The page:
Where do I put *.xpi extensions / spiderzilla extension not found

Discussion in 'Firefox' started by Kurt, Oct 31, 2004.

  1. Kurt

    Kurt Guest

    I planned to install the spiderzilla Firefox extension. I already got the spiderzilla.xpi extension file.
    Where should I put this file? I expected that if I copy this file into the "extension" folder
    Firefox should recognize this extension automaticaly during the next start but it didn't.

    Is there an automatic recognition at all?

    Furthermore if I click on the menu


    an empyt extension list is displayed.
    When I click the the link "Get more extensions" I am directed to the Mozilla web page.
    But I didn't found spiderzilla on this web page (I searched on the sub menu
    "Download tools". Where is a "Search" function for the web page ?

    Hmm, Firefox has a long way to go to be as userfriendly as Internet Explorer :-(

    Kurt, Oct 31, 2004
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  2. Kurt

    mike555 Guest

    === just drag it into an open window of Firefox ========
    mike555, Oct 31, 2004
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  3. Kurt

    Hawkeye Guest

    === just drag it into an open window of Firefox ========

    I've made a point to keep a copy of the .xpi file of every extension I
    use. Then, as in the previous post, all you need do is to drag and
    drop to load it. Sure makes multiple installations simple.
    Hawkeye, Nov 1, 2004
  4. The only problem with that is that extensions are updated as are
    browser versions. Your old extensions versions are unlikely to work
    with FF 1.0.

    Leonidas Jones, Nov 1, 2004
  5. Kurt

    Hawkeye Guest

    The only problem with that is that extensions are updated as are
    No problem there, I just stay up to date on the xpi files. I'll click
    on the "check now" key in software updates, and see what it finds. If
    a major version change comes around, hopefully it will update
    everything seamlessly load new extensions properly. Otherwise, I use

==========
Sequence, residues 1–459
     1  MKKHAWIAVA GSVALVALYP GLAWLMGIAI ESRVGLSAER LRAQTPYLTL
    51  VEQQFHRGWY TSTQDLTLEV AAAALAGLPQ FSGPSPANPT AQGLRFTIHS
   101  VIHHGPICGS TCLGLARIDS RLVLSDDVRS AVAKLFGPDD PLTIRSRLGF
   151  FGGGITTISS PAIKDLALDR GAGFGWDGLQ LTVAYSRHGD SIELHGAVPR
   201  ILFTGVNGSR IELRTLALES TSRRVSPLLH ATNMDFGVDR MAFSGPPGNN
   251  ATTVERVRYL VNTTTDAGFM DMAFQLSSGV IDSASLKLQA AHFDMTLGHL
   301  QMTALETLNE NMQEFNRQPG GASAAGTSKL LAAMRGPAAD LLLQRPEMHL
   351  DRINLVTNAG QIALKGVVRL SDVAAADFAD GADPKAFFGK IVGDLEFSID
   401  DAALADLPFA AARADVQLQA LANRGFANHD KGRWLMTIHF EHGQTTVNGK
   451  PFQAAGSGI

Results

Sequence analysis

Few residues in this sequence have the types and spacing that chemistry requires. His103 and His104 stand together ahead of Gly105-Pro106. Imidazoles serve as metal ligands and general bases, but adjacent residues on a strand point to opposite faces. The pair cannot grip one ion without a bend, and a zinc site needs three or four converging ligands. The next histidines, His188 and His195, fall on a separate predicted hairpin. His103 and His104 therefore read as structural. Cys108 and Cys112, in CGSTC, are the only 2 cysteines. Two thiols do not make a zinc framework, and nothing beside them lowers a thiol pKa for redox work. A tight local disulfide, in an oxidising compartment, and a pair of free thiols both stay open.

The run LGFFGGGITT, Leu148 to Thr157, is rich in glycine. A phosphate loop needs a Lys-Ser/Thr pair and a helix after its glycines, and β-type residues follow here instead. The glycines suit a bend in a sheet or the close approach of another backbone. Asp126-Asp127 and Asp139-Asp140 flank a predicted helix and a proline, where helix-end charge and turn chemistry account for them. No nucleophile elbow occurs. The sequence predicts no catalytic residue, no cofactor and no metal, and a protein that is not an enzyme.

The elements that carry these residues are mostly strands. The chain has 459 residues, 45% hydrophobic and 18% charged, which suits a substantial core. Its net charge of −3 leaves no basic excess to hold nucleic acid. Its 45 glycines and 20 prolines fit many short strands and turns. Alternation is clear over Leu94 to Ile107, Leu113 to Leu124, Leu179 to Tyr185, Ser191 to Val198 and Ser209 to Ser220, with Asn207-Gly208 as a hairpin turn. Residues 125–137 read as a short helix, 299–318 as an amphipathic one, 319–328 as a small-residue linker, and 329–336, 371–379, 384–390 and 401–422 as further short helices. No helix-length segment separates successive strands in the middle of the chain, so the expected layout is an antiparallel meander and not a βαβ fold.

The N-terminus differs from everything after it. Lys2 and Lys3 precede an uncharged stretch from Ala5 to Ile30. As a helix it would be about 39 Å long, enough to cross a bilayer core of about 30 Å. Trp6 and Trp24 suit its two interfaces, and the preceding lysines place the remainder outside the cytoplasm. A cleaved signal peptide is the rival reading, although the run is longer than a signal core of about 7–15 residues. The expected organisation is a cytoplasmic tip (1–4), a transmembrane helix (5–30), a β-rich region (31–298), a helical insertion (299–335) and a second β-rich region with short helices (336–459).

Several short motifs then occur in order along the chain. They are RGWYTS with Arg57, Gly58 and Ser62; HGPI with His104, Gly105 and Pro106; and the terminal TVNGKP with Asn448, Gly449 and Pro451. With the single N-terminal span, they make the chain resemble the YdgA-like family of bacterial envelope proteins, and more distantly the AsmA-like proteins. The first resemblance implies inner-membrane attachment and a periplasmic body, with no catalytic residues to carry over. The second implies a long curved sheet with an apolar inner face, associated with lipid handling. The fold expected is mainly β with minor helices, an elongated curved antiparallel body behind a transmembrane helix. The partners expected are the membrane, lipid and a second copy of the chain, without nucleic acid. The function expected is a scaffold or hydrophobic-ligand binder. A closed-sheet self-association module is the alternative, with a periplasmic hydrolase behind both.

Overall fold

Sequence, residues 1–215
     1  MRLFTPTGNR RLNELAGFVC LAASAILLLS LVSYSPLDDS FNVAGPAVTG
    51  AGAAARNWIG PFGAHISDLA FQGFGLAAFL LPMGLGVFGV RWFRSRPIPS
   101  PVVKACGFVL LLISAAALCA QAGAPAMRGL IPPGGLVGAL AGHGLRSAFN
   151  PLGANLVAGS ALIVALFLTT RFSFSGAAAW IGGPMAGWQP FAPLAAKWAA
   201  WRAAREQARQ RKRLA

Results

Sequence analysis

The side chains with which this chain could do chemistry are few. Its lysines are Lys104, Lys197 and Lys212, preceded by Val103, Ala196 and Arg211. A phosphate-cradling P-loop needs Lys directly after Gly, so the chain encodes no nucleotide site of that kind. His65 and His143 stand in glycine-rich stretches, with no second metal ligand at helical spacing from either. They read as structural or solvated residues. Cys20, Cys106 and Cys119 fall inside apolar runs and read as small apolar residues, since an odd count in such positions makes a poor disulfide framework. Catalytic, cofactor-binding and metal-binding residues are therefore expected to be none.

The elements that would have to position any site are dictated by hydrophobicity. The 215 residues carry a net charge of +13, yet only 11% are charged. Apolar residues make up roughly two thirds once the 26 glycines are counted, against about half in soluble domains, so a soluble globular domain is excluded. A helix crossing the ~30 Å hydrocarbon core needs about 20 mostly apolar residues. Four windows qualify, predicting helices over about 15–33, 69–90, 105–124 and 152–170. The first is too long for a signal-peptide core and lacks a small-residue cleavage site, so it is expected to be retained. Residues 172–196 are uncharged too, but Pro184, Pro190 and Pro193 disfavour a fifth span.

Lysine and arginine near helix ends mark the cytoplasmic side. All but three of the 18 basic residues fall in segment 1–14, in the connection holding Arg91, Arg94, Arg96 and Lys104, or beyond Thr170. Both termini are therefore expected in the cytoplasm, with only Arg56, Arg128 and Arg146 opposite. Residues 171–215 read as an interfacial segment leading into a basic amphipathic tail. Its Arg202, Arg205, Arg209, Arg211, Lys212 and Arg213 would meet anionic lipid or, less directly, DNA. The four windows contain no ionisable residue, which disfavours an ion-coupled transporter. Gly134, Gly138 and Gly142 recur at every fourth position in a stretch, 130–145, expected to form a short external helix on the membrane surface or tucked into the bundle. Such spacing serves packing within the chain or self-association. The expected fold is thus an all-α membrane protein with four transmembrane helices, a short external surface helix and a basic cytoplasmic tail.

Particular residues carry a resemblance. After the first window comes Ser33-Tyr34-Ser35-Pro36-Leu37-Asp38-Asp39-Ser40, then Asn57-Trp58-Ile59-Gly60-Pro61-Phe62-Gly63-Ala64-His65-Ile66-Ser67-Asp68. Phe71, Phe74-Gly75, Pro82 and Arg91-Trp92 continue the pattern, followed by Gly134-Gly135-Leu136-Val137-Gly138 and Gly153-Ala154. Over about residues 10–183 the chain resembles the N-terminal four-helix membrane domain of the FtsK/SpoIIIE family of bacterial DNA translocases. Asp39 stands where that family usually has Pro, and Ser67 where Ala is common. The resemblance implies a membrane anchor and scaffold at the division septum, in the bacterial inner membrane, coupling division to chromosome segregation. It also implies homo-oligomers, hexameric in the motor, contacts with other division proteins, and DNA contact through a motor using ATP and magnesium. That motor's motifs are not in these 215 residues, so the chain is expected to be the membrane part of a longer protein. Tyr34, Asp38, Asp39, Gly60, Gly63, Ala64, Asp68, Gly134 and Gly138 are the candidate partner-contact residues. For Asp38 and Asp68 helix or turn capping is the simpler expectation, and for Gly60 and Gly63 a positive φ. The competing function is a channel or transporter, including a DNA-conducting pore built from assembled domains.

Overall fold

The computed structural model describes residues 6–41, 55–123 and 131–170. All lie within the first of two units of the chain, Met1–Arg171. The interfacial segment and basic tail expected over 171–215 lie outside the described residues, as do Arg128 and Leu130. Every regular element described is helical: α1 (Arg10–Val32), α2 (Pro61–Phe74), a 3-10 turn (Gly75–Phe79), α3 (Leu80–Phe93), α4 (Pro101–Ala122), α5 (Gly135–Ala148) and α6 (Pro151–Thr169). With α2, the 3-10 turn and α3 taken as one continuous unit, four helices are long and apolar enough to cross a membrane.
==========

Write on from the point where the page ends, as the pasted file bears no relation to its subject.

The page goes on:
this method after some difficulties were encountered in moving from .9
    to .10. Subsequently, I found that uninstalling extensions from .9
    prior to installing .10 eliminated any problems.

    Also, as previously stated, when installing to multiple machines, it
    makes for a ready supply of the desired extensions without having to
    go online to download them. So far so good, and it will be
    interesting to see what happens when 1.0 is released.
    Hawkeye, Nov 2, 2004
  6. Kurt

    Ed Mullen Guest

    As Mike said. Or CTRL+O in FF, navigate to the file and open it, it
    will then ask if you want to install it.

    XPIs are /extensions/ NOT plugins. Two different animals.
    Ed Mullen, Dec 9, 2004
  7. Kurt

    David Ross Guest

    Note that you will not see the XPI file where the extension is
    installed. The XPI file is an installer that executes when openned
    by the application to which it applies (e.g., by Mozilla as if the
    XPI file were a Web page). When properly executed, the XPI file
    installs other files (embedded within it) of various types into
    various locations, the types and locations varying according to the
    specific extension.


    David E. Ross

    I use Mozilla as my Web browser because I want a browser that
    complies with Web standards. See <http://www.mozilla.org/>.
    David Ross, Dec 9, 2004
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